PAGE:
I think that we’ve become very disconnected from the natural world, and many of us, what we’re guilty of is an egocentric worldview — the belief that we’re the center of the universe. We go into the natural world, and we plunder it for its resources. We feel entitled to artificially inseminate a cow, and when she gives birth, we steal her baby, even though her cries of anguish are unmistakable. Then, we take her milk, that’s intended for her calf, and we put it in our coffee and our cereal, and I think we fear the idea of personal change because we think that we have to sacrifice something to give something up.
But human beings, at our best, are so inventive and creative and ingenious, and I think that when we use love and compassion as our guiding principles, we can create, develop and implement systems of change that are beneficial to all sentient beings and to the environment.
Now, I have been a scoundrel in my life. I’ve been selfish. I’ve been cruel at times, hard to work with and ungrateful, but so many of you in this room have given me a second chance. And I think that’s when we’re at our best, when we support each other, not when we cancel each other out for past mistakes, but when we help each other to grow, when we educate each other, when we guide each other toward redemption. That is the best of community.
When he was 17, my brother wrote this lyric. It said, ‘Run to the rescue with love, and peace will follow.'”
I really liked the beginning – he lost me a bit in the middle when I first heard it, but he ended strong. Reading it through a couple of times this morning helped me to appreciate where he was going and what he was trying to say (perhaps I wasn’t listening closely enough last night, or maybe his words were meant to be savored rather than slurped down). The last part really resonated with me (and not just because he used the word ‘scoundrel’, a most excellent word): we have all been scoundrels, and been shitty to those around us, we’ve all had moments that we aren’t proud of…but thank goodness we’ve been given second chances. We haven’t been written off as a waste of time or space. It wasn’t one and done – nor should it be. We should be willing to give others another opportunity to make the right choice, to say the right thing, to be their very best. Not all of us are going to get it right the first time….most of us don’t. Dori in “Finding Nemo” said it best: ‘Just keep swimming, just keep swimming”. It’s important to keep trying, to keep striving. To keep trying to find your purpose, your passion – and, just as vital, we must be willing to accept those around us, to value their efforts, and to encourage their attempts. Maybe I’m still obsessing about the Netflix documentary “Cheer”, but we as a society are in serious need of some mat talk. Let’s give it a try, shall we?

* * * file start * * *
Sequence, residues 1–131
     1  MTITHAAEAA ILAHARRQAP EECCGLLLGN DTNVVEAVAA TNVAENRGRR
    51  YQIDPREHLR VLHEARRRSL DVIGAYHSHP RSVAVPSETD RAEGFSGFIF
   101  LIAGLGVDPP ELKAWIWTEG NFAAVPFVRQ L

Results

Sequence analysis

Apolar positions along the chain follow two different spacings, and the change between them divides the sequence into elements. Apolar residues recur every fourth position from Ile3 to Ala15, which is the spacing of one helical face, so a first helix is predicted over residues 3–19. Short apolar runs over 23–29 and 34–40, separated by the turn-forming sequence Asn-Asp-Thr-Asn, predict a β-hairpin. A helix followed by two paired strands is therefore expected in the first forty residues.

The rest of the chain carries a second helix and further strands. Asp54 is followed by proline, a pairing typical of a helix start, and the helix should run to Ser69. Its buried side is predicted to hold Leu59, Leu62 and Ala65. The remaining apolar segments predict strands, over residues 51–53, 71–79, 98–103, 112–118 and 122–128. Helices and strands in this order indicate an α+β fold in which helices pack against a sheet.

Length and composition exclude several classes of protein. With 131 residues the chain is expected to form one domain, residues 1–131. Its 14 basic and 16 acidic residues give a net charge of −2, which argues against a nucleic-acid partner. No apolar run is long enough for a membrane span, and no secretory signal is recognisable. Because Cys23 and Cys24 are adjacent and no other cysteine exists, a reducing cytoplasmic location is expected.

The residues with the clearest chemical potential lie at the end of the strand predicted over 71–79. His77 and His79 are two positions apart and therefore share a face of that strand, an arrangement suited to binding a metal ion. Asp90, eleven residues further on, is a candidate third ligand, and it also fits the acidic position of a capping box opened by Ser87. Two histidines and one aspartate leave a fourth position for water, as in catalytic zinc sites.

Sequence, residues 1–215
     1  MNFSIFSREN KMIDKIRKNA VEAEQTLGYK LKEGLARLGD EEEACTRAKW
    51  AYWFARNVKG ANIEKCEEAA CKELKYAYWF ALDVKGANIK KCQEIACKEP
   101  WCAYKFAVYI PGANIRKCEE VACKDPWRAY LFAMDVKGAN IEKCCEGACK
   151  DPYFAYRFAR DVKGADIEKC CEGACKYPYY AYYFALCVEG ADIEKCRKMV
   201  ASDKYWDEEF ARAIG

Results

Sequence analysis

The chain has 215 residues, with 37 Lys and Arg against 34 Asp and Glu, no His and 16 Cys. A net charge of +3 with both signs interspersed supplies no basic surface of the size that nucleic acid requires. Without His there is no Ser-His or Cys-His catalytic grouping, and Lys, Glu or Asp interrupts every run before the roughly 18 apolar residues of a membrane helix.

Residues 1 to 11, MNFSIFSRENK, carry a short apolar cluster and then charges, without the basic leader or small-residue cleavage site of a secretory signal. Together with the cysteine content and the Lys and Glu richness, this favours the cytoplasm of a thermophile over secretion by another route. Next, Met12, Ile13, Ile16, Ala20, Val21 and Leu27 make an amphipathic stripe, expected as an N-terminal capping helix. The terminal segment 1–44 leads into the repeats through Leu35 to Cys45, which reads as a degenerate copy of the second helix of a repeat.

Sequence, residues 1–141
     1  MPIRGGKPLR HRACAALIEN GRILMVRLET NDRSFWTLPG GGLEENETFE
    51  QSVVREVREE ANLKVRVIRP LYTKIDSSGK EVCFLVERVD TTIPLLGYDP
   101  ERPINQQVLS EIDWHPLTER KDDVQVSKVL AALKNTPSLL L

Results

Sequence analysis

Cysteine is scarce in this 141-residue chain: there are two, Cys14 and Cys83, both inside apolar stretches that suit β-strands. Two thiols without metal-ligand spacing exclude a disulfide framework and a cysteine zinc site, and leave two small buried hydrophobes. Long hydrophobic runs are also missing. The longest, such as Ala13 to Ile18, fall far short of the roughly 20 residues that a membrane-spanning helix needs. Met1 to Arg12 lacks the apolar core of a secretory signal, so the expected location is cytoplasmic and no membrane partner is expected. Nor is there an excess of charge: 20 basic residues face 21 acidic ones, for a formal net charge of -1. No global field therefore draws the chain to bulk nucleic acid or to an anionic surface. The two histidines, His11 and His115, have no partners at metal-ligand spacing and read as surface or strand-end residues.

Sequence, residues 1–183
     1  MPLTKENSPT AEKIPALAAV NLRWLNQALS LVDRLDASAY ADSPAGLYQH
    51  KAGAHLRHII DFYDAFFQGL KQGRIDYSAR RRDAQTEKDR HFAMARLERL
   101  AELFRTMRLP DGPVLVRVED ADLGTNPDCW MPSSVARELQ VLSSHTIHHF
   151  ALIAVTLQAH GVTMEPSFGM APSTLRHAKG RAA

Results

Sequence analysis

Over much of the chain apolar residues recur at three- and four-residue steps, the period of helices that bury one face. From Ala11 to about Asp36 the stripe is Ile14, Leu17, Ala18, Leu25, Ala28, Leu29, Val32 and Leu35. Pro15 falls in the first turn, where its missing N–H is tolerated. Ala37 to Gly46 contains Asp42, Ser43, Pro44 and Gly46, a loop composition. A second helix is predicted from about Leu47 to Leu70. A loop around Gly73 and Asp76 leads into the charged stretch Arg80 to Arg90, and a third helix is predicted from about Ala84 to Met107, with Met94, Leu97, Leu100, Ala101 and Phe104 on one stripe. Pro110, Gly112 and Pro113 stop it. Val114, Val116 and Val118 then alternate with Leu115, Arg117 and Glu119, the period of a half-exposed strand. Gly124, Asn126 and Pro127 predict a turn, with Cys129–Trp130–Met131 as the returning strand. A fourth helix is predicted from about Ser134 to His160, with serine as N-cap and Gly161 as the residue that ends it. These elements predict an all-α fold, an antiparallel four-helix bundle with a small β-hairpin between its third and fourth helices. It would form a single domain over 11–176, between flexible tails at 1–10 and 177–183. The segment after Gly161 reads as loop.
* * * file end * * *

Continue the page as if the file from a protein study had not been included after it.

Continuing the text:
PS: Can we please take a moment together to pause and appreciate what Joaquin’s brother wrote: Run to the rescue with love, and peace will follow. Sigh. Gorgeous. ♥️